What is the initiative about? (the solution)
The solution for the problem is to implement a new integrated veterinary service that focused on the smallholders/farmers in the region. The new model emphasized (1) an effective partnership and networking to encourage stakeholders’ cooperation (2) high quality and rapid diagnostic services both on farm and in the laboratory and (3) transforming EVRDC administration structure and process to streamline reporting and increase capacity for responding to emergency disease incursions.

This project was the first veterinary program to contain the HPAI outbreak in Thailand which had significant adverse effects on the livelihoods of smallholders/farmers and their families (e.g. death of 60 million chickens and 5,200 million baht in compensation to farmers in 2004). In 2004-5, more than 300 cases occurred in the Eastern region. Since this project has been implemented, the HPAI cases were significantly reduced and since Jan 2006, Eastern region reported no HPAI case as judged by routine surveillance data of more than 100,000 samples per year. It has also led to the establishment of a new veterinary service that is responsive and sustainable and has now been adopted by other VRDCs. The experience drawn, as well as the competence and know-how built during the project is applicable to other emerging disease outbreaks.

Besides obvious animal health benefits, this project has resulted in building trust between rural poor (backyard owners of less than 100 animals) and EVRDC personnel. Positive performance indicators from farmers in form of questionnaires (years 2006-10) came back with 97.8% for staff satisfaction, 96% for veterinary diagnostic capability and 95.6% for services indicate strong support for the project from clients. The project has resulted in culture changes among villagers with regard to reporting disease cases (instead of kill) and increased awareness of infected carcasses effecting on health (instead of consuming as food). But above all, this initiative has had an essential role in maintaining livelihood incomes for smallholder poultry producers by reducing their vulnerability to HPAI.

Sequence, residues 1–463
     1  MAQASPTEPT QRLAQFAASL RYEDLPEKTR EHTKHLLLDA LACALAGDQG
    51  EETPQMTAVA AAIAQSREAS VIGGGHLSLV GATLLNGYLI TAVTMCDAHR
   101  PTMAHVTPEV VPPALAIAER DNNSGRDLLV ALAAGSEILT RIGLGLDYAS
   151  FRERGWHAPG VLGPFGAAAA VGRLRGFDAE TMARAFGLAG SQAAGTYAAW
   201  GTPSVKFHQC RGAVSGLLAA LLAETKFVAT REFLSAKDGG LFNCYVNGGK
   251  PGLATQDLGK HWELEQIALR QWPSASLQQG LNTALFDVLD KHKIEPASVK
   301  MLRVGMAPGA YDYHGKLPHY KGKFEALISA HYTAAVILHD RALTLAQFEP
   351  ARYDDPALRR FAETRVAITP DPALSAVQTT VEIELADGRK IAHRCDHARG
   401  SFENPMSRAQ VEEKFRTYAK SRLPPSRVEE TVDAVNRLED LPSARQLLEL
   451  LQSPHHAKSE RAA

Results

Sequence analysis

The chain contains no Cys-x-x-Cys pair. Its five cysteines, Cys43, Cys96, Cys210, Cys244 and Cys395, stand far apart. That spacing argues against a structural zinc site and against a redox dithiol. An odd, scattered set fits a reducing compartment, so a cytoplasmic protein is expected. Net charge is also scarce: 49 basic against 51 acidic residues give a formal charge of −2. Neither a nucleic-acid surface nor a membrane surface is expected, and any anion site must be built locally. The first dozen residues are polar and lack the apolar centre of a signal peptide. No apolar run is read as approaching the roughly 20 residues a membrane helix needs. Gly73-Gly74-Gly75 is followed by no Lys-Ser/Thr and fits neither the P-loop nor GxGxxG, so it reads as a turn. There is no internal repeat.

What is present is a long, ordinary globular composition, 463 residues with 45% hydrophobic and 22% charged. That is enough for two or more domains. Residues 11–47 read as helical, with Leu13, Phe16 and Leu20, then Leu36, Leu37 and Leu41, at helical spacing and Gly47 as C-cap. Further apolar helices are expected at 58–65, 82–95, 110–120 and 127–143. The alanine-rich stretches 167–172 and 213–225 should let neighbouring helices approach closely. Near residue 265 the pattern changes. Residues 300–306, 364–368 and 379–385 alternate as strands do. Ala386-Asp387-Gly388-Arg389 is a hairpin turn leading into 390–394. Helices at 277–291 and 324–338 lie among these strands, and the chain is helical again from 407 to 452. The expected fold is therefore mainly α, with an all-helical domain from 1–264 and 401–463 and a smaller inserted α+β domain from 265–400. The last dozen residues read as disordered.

With the new integrated data capture and management systems and the introduction of new molecular diagnostic technology, EVRDC is able to handle more than 1000 cloacal swap samples per day (increased from 20) and decrease the number of staff on duty from 40 staff to 10. In addition, the project has reduced HPAI diagnostics turnaround time (sample receipt until result is ready) from 3-14 days to 1-3 days.

The project has also resulted in the change in the containment policy. Initially, DLD has adopted the OIE containment policy of destroying all poultry products within 5 kilometer radius of confirmed case which resulted in severe economic loss to smallholders/farmers and some did not resume farming after their flocks were culled. Moreover, most farmers were not fully compensated for the loss especially for the backyard structures that has housed chicken. The implementation of the project by EVRDC has contributed to the re-evaluation policy mandates to only those flocks considered confirmed cases are to be culled and flocks within a 5 kilometer radius are to be tested.

Actors and Stakeholders

 Who proposed the solution, who implemented it and who were the stakeholders?